The non glossy but very cool Garden Design Journal often has a thought provoking contribution from Tim Richardson. His latest, for September, will raise a show of hands from garden designers who do not belong to the BGP. (Big Gun Posse)
As one of those types of designer - ie the slightly disgruntled second division - Tim’s article voices what has been going round and round in my head like a mantra. The soft landscaping elements (I am talking of the green side of things: lawns, trees, flowerbeds - anything living, in short) conjured on a drawing board or screen and presented to the client as a static thing, are disobedient. Nature is not biddable. Some flowers may seed around like crazy. Weeds walk in. A shrub curls up it’s roots and dies. Constant intervention is required to keep up the artifice. This conceit is the natural look of the garden.
Non Big Gun designers tend to have clients that cannot afford trained gardeners. They are more likely to hire some good old boy who knows his allotment inside out or a college leaver who is motivated with a hoe in the clueless way.
At the beginning of the designer- client relationship all is straight. The agreed design is conjured up, dug in and delivered. But then it all begins to go horribly wrong as no-one is taking a handle on pruning, weeding, digging up and dividing. In short all those journeyman tasks which just have to be done OFTEN and require the knowledge.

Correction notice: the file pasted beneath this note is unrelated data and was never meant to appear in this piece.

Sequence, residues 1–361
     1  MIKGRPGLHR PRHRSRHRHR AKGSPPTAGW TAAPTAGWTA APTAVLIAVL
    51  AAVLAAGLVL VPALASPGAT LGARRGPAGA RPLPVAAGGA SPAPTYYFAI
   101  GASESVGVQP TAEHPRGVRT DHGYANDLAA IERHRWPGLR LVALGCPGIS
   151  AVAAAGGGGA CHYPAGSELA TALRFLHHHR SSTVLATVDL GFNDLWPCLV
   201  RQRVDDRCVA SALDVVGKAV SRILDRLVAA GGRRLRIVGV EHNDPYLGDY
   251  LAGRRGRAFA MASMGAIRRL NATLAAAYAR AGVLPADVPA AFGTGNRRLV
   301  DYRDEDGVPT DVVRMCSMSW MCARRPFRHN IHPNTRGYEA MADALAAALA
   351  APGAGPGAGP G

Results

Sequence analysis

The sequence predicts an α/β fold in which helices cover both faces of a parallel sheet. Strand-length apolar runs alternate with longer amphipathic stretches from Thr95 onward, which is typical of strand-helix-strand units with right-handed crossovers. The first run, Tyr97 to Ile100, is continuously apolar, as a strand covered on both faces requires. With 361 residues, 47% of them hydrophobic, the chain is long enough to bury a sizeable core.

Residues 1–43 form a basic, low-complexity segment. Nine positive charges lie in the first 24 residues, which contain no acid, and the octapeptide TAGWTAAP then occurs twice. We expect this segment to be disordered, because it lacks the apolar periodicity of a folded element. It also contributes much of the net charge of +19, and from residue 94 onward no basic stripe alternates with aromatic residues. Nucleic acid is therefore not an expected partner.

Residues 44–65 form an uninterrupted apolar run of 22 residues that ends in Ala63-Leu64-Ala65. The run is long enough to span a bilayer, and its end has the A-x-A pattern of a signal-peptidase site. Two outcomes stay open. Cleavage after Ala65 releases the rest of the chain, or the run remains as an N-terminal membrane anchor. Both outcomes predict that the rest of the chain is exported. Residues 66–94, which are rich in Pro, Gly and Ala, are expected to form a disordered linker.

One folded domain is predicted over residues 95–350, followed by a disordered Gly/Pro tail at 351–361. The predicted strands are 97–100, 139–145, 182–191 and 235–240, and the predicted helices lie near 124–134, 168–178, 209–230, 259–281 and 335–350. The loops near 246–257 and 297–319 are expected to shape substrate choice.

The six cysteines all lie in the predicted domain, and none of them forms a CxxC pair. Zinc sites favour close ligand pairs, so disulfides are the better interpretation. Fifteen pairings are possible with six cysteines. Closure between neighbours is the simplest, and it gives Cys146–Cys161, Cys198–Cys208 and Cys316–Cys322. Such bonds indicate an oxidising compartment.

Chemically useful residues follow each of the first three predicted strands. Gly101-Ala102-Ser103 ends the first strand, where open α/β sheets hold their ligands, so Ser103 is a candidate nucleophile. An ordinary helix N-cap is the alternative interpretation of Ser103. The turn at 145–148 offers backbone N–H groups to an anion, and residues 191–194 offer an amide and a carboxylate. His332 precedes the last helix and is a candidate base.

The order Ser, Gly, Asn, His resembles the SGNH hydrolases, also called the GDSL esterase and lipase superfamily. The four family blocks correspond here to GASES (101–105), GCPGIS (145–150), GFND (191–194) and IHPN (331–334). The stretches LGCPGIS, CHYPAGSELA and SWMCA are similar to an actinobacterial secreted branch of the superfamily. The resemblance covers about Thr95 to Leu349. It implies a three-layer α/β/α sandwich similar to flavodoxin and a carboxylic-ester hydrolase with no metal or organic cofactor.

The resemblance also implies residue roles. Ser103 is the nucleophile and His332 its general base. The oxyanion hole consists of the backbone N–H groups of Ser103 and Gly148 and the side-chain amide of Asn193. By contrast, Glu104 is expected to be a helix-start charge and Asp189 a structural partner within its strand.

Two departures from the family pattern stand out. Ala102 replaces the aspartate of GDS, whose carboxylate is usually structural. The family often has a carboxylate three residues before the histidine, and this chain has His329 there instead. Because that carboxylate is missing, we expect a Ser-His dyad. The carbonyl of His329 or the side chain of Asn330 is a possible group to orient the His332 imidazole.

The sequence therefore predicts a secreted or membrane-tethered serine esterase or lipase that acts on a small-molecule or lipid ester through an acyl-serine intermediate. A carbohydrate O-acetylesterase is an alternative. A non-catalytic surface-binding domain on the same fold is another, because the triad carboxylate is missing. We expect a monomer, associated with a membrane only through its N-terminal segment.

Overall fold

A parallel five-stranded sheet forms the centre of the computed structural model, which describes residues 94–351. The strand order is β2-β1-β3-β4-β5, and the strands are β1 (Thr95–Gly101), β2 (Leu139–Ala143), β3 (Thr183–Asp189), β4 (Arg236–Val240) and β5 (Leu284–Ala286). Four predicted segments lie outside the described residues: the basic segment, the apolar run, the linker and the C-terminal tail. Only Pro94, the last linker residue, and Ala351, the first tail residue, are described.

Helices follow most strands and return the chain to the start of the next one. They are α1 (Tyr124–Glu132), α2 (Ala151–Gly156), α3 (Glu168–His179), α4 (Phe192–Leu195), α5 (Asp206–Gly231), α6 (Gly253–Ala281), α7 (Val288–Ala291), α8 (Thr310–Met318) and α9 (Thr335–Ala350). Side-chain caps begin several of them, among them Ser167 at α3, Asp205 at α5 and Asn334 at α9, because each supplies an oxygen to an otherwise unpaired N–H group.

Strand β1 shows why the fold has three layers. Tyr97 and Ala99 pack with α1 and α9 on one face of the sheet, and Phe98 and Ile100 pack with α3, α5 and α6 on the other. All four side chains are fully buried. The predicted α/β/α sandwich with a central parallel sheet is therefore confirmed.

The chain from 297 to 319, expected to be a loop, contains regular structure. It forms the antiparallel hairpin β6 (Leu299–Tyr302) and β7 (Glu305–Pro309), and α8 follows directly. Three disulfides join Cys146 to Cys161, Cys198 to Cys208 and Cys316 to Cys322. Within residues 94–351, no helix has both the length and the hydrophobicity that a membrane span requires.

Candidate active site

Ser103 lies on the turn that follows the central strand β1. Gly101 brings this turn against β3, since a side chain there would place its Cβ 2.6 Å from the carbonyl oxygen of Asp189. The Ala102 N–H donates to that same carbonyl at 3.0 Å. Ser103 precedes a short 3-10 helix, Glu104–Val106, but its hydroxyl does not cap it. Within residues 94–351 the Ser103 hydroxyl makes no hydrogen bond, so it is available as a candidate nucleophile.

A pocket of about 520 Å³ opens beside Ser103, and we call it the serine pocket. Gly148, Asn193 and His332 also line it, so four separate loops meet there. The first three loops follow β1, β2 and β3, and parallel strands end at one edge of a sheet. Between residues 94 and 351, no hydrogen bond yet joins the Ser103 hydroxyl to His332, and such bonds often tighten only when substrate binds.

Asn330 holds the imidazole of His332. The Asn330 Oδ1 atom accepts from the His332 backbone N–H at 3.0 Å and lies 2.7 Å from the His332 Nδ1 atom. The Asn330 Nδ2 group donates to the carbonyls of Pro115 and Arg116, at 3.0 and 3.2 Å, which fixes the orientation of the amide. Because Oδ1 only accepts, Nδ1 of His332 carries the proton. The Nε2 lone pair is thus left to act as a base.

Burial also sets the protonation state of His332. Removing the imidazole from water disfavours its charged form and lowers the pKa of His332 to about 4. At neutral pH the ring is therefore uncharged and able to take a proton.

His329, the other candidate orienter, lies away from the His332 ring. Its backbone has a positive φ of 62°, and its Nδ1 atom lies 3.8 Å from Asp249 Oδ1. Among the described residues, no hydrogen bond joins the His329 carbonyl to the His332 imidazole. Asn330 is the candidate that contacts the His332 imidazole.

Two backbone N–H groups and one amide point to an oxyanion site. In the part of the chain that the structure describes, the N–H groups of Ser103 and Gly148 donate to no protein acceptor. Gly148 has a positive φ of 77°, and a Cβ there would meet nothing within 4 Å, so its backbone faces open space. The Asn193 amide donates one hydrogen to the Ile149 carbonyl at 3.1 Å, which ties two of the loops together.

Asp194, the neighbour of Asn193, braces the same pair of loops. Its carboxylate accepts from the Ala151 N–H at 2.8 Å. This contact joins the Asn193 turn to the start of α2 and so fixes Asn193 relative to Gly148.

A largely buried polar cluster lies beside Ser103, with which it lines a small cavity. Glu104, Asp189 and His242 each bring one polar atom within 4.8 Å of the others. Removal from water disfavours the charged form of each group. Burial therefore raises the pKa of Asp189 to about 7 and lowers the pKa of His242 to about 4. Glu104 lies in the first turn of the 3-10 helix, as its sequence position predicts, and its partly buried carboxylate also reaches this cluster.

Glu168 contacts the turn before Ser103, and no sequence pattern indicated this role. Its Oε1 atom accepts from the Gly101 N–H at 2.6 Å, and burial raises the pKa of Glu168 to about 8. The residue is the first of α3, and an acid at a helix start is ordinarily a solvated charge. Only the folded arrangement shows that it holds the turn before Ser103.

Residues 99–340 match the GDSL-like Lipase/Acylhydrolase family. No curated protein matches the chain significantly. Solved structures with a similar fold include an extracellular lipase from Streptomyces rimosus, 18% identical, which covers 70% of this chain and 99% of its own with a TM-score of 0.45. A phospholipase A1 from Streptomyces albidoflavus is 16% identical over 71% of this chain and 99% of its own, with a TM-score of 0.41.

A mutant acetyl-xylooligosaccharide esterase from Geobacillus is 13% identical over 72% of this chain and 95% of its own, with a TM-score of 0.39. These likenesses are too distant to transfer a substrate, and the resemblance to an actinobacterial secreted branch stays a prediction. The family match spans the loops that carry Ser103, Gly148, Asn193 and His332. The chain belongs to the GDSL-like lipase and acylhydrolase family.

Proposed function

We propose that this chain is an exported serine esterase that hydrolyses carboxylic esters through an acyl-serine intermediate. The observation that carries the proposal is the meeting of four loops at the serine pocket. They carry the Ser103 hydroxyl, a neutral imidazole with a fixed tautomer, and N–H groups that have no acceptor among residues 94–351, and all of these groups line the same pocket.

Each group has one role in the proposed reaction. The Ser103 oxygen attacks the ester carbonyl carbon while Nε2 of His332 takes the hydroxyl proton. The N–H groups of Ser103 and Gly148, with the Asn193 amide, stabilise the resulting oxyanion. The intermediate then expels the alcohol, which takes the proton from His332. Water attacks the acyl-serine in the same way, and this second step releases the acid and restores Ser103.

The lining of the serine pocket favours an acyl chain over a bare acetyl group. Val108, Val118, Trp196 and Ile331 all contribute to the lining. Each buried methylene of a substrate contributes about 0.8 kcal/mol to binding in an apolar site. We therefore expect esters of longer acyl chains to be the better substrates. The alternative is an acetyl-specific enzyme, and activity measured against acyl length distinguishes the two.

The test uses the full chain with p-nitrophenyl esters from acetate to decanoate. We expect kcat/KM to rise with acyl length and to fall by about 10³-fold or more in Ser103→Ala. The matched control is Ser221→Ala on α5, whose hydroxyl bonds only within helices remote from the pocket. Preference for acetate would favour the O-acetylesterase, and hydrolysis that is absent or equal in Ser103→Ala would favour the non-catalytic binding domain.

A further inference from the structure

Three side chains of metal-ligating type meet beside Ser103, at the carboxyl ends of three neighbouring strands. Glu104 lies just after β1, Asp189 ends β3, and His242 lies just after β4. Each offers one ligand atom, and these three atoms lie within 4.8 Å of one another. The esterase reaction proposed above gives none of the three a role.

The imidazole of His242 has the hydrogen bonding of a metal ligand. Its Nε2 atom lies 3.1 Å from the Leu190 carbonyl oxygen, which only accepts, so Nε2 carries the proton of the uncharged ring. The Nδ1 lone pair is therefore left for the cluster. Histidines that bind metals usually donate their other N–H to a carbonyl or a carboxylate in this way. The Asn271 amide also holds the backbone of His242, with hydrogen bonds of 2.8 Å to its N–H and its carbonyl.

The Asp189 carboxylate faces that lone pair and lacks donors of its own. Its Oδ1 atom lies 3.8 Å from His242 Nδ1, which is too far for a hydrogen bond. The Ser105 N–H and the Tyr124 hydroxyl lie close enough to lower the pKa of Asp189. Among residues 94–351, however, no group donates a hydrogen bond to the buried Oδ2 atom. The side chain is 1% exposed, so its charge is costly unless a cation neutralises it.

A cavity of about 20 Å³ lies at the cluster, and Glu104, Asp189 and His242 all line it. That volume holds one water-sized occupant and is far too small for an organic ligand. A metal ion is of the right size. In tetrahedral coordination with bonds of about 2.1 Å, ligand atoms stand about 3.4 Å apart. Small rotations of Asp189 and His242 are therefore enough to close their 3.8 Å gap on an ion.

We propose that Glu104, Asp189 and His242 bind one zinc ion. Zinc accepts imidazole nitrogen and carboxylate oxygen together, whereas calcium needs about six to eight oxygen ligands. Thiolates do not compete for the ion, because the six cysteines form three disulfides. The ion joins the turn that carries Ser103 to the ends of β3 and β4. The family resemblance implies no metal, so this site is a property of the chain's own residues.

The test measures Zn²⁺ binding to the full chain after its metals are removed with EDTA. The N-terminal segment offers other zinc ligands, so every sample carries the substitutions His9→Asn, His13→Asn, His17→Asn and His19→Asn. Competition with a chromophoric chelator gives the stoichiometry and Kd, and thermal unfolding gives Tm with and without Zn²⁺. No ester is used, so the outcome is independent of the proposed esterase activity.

Hats off to Tim who talks of turning the non-gardening punter into a gardener. The sneaky in on this is e to “get a client out planting vegetables as soon as possible”. More than once, I have been horribly disappointed by the ruination of a planting scheme due to client inertia or ignorance.
From this experience, I am pushed further and further into becoming (dreaded words) a garden coach. Here is the hope for the garden to develop properly and for my reputation along with it. “The education of the gardener and also an insurance policy on the part of the designer”. Spot on Tim.
PS Any excuse to sneak in a vegetable folly display